Some specific examples include: Prescription drug dispensing fees, by eliminating the cap results in estimated savings of $2.16 per hour. Elimination of out-of-province health care coverage (snowbirds), with employees and retirees assuming responsibility for any coverage results in a cost savings of $1.00 per hour.

The change from semi-private hospital room coverage to "ward" coverage saves an estimated $0.97 per hour. Elimination of life insurance for current and future employees results in a cost savings of $1.54 per hour. The reduction of shift premiums to 2.5 percent results in a cost savings of $.80 per hour. By increasing health care premiums would save an estimated $1.04 per hour.

The elimination of non-traditional benefits such as child care, legal services, tuition reimbursement, dependant scholarships and extended health care coverage (chiropractic services, massage therapy, naturopath, orthotics, etc.) results in a cost savings of $0.73 per hour. Unfortunately, the CAW has been opposed to these solutions — however, we are open to alternative ideas.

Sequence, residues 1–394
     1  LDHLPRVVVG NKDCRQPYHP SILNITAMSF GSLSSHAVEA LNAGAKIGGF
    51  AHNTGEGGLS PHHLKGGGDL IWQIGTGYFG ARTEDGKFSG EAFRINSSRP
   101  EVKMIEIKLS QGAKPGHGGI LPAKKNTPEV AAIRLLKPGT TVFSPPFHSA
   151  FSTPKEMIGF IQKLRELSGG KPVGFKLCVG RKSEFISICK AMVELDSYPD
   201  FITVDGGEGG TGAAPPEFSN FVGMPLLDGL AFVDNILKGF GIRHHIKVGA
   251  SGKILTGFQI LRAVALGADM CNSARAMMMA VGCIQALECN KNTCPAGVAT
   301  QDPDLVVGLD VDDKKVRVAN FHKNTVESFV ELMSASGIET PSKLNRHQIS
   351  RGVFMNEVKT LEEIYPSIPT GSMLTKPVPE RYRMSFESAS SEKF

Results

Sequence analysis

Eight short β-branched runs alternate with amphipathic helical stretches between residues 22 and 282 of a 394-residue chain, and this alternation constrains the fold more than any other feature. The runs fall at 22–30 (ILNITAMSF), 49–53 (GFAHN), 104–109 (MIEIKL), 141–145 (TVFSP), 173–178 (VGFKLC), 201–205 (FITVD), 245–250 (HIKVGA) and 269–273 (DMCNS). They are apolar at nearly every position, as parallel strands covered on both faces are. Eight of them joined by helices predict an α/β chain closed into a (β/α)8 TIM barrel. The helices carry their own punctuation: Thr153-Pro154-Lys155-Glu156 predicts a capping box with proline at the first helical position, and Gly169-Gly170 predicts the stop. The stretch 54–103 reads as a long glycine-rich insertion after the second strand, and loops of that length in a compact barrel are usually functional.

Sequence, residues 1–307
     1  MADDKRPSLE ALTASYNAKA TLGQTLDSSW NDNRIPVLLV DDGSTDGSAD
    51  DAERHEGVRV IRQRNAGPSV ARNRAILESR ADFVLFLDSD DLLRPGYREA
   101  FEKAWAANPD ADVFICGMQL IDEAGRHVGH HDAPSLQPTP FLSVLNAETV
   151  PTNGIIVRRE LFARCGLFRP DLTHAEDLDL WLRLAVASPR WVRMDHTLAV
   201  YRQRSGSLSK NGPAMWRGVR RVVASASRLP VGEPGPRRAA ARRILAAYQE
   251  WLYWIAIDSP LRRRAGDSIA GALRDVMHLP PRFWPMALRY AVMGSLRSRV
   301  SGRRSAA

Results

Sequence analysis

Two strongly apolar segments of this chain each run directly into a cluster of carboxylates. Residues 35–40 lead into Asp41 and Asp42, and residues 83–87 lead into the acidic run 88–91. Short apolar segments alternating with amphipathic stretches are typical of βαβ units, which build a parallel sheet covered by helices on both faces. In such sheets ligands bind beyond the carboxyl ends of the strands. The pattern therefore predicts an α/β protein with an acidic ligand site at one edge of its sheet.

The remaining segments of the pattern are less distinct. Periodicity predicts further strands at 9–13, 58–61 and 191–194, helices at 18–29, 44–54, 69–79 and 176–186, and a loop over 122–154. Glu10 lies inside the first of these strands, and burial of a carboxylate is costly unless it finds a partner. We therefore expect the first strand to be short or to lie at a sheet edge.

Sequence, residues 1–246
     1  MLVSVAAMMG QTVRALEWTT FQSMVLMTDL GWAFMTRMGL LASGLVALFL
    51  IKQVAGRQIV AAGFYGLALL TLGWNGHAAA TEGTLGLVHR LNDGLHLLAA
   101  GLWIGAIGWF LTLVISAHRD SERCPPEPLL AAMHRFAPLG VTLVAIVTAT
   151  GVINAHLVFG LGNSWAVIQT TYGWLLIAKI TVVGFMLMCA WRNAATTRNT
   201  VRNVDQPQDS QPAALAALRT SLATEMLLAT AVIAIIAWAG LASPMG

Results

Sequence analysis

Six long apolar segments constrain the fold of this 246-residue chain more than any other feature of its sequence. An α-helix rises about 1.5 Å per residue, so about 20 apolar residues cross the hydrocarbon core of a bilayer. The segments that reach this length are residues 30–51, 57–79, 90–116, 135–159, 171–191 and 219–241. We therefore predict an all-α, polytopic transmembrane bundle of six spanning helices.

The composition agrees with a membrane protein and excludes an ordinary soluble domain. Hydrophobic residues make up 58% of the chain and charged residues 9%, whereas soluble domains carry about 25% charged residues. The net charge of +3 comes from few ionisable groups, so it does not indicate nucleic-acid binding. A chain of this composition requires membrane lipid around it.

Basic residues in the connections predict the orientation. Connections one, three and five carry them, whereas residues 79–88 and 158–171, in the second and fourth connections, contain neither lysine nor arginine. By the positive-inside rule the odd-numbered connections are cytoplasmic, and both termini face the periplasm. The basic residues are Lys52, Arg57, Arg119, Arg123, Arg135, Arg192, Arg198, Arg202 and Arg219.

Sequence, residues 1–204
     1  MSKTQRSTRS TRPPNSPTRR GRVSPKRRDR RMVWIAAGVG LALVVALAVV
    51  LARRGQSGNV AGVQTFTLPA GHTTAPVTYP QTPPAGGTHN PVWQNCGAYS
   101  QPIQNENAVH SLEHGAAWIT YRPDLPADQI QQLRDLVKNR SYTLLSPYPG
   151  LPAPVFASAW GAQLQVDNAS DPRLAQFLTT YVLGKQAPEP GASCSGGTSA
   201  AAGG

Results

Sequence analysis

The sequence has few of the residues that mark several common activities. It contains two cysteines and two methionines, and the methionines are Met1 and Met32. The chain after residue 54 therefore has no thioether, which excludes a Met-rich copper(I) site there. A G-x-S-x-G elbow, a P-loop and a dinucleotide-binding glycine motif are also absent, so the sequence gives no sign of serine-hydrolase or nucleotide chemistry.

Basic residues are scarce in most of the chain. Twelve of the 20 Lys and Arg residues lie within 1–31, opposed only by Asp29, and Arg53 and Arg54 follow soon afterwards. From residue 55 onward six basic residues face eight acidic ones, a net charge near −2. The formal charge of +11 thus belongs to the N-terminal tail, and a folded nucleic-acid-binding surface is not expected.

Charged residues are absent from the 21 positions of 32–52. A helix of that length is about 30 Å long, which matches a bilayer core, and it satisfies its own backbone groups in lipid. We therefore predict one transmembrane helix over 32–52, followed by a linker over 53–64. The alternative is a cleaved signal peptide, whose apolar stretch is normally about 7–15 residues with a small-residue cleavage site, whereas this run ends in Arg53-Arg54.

Next week, we plan to meet with the CAW to attempt to reach an agreement that is acceptable to Fiat and the Canadian government. The clock is running. Without labour concessions, Chrysler Canada's manufacturing operations will not survive long-term. Thousands of good-paying jobs are in jeopardy, as well as the economic health of communities such as Windsor and Brampton. Canada has always been an important manufacturing and sales market for Chrysler LLC.

It represents the largest vehicle sales market for Chrysler outside of the U.S. and no other vehicle manufacturer has a larger portion of its total manufacturing in Canada than Chrysler. However, these are not normal business circumstances and all Chrysler constituents have been asked to "break pattern" — employees, retirees, dealers, suppliers and others. Time is very short.

We have only two weeks before a final decision must be made.

Let me be clear, our negotiations are about saving Chrysler Canada. We are coming down to the wire in the fight for our company's survival — and we need your support.

Bob Nardelli

Tom LaSorda